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Russia Test-Launches New Rocket

Angara-A5 rocket diagram
Angara-A5 rocket
The Russian space agency has launched a new heavy version and ecologically clean rocket  Angara. The booster rocket has delivered its test payload right into geostationary orbit – 36,000 kilometers from the Equator.

“A 08:57 Moscow time, the heavy-class rocket Angara-A5 was launched by a Space Forces crew of the Arkhangelsk Region from the universal launch site of the state test facility of the Russian Defense Ministry [the Plesetsk Cosmodrome],” the Russian ministry said in a statement.

The successful launch was reported by Defense Minister Sergey Shoigu who was monitoring the launch form Moscow via a video link and he thanked all those involved in the project.

Radio controlers confirmed that the two-ton payload had been delivered successfully into a geostationary orbit at 36,000 kilometers.

This is the first time a heavy rocket has been launched straight into a geostationary orbit, usually trials are performed into a low orbit with altitudes of up to 2,000 kilometers before moving to higher altitudes.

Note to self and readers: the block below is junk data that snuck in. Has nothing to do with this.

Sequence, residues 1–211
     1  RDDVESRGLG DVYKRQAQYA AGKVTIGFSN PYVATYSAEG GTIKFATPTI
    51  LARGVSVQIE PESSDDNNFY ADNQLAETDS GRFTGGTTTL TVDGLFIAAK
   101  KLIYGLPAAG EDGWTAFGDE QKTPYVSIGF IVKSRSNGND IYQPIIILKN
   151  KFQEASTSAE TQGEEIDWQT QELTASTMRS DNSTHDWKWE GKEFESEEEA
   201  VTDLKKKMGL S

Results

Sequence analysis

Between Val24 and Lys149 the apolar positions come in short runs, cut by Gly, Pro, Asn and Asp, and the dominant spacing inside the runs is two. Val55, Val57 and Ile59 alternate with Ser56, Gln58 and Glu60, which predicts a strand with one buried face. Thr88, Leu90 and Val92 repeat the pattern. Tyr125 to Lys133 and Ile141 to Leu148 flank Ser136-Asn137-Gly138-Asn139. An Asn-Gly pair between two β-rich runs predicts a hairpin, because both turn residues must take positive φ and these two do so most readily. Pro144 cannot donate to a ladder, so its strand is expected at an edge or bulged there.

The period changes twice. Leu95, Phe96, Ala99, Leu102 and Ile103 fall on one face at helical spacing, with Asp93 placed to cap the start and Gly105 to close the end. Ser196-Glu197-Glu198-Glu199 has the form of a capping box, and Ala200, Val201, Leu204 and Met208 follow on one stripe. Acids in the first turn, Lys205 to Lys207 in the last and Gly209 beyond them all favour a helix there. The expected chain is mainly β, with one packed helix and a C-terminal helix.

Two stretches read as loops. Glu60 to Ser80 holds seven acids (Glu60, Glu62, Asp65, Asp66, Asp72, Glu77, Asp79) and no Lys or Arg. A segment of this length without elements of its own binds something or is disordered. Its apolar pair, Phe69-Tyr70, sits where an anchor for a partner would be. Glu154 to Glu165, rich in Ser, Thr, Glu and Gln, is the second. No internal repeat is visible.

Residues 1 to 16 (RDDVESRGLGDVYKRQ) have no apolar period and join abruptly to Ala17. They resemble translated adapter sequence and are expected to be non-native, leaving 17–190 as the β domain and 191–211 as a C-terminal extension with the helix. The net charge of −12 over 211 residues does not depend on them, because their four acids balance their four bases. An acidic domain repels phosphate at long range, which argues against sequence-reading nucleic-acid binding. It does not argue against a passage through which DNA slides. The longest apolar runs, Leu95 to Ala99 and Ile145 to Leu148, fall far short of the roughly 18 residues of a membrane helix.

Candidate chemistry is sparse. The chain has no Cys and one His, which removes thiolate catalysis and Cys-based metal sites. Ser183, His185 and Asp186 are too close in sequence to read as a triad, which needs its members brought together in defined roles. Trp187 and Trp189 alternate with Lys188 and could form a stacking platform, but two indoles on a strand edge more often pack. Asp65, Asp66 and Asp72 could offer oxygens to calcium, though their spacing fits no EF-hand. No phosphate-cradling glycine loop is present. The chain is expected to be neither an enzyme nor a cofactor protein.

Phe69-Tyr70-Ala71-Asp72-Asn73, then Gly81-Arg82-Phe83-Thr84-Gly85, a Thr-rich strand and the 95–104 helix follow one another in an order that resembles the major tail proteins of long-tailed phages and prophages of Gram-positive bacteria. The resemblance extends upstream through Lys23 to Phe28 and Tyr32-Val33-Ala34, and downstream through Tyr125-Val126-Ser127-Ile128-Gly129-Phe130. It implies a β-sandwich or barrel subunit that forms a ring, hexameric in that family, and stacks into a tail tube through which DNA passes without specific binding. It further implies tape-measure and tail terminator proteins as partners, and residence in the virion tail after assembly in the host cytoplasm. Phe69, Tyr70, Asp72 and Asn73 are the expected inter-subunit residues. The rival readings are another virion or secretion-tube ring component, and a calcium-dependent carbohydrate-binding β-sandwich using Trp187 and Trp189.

The Angara’s third stage that was used in the trial is the tried and tested Birz-M, which is probably why the Russian military and the rocket designers chose to start with a more challenging task.

The first stage of the Angara-5 rocket is capable of delivering up to 25 tons to a low orbit. It is powered by RD-191, arguably the world’s best “clean” engine that uses kerosene and oxygen as fuel.

Angara-A5 rocket pre launch
“This engine could be put to use up to 10 times, possibly even more,” the first deputy director at the Khrunichev Center, Aleksandr Medvedev, told Rossiyskaya Gazeta two days before the launch.

The brand new Angara rocket is the first space booster designed from scratch in Russia since the collapse of the Soviet Union. The development of the rocket family began at the Moscow-based Khrunichev State Research and Production Space Center back in 1994. Two decades of design work and scientific research have cost the government approximately $3 billion.

Angara rockets use the module principle in their production, enabling to assemble a booster of necessary payload capability using standard modules.

Even today Khrunichev can produce 10 Angara-5 boosters a year – and is ready to increase production if there is demand, Medvedev said.

 

 

 

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Russia Test-Launches New Rocket

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